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Airplane Conversations


There are fewer places better suited for forced social interaction than the cabin of a commercial airplane. Where else do you find yourself required to remain seated within inches of a total stranger for a significant length of time, reluctantly enduring such unusual predicaments as delays, turbulence, and spilled apple juice? Such a situation has the potential to cause considerable tension between you and your seat mate, but more often that not, it sets the scene for a lively conversation. This past Friday, I was fortunate enough to experience the latter variety while flying from Rochester to Chicago for spring break. I had just settled in next to a quiet gentleman for what I thought was going to be a peaceful and uneventful flight when he suddenly reached into his carry-on bag and pulled out the thick, blue Barenreiter edition of The Marriage of Figaro.


My eyes widened.


“Are you a musician??” I asked excitedly.


“Oh-oh yes,” he said, seeming surprised; after all, it’s not very common for United Airlines patrons to know The Marriage of Figaro.


“Well, so am I!” I exclaimed. “I’m a cellist, I go to Eastman!”


His eyebrows raised, and he quickly told me that he had also been at Eastman for the past couple weeks as a guest professor. Our conversation snowballed from there, and we ended up spending the entire flight talking about his career, my career aspirations, and the positive and negative aspects of the current field. After we parted ways at O’Hare, it struck me how rare it was that I had actually been seated next to a reputable classical musician. True, I was coming from a city home to a prominent music school, but all the same, it was certainly an unusual occasion. As I chuckled at the coincidence (and wondered whether the alleged “law of attraction” might actually be a reality), I started to reminisce about the many plane flights I’ve taken during my college years, and the many interesting conversations I’ve had with non-musician seat mates. More often that not, the conversations would be started when I’d awkwardly clamber into the row with my cello, which I always have to buy a seat for. Sometimes, I’d be greeted with a look of wonderment (“Is that…a bassoon??“); others, I’d be met with a look of suspicion (“How on earth did you get that on board? They made me check my bathroom bag at the gate!”); but regardless of my soon-to-be seat mate’s initial reaction, an animated conversation would always ensue. Most of the time, they would know a thing or two about classical music, and be aware of the difficult career path it represented. After I’d walk them through a typical audition process, they would often shake their head in amazement.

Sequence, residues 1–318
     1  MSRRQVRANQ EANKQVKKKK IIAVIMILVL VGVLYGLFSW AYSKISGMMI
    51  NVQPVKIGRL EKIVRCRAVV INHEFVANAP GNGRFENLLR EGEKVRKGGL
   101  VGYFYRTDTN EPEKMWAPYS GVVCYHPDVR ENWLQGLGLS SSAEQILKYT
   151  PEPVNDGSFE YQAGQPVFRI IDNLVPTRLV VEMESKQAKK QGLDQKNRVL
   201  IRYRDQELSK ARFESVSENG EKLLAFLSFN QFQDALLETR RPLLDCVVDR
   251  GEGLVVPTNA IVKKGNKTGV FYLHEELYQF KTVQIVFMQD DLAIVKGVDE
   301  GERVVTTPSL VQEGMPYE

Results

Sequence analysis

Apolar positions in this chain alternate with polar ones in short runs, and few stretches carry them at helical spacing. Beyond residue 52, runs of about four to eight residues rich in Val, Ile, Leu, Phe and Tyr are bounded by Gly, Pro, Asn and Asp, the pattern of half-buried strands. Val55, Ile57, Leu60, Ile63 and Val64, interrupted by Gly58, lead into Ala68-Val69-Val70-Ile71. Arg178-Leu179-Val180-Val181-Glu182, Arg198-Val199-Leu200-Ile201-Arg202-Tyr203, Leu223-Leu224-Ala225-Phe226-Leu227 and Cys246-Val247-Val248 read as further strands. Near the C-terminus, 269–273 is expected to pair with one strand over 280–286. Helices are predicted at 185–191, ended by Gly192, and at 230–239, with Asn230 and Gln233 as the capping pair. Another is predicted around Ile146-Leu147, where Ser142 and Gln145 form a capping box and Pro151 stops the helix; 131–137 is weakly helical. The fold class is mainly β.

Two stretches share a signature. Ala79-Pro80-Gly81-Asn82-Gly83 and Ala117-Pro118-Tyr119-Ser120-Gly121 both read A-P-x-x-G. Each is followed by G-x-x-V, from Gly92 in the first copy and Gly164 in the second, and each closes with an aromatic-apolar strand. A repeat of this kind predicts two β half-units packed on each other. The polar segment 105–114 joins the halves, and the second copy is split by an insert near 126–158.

“You must really love it, then, if you’re willing to go through with all of that.”


“Yeah, well, it’s what I want to do,” I’d respond.


Many times, we would get into a conversation about the various genres within classical music. They would know about orchestras, but the concept of chamber music would be completely foreign to them. I would explain about things like string quartets and piano trios, and they’d often be fascinated, especially when they realized that there were professional groups dedicated solely to performing works written for these particular genres.


“So it’s like a rock band, only with orchestra instruments!” they would realize.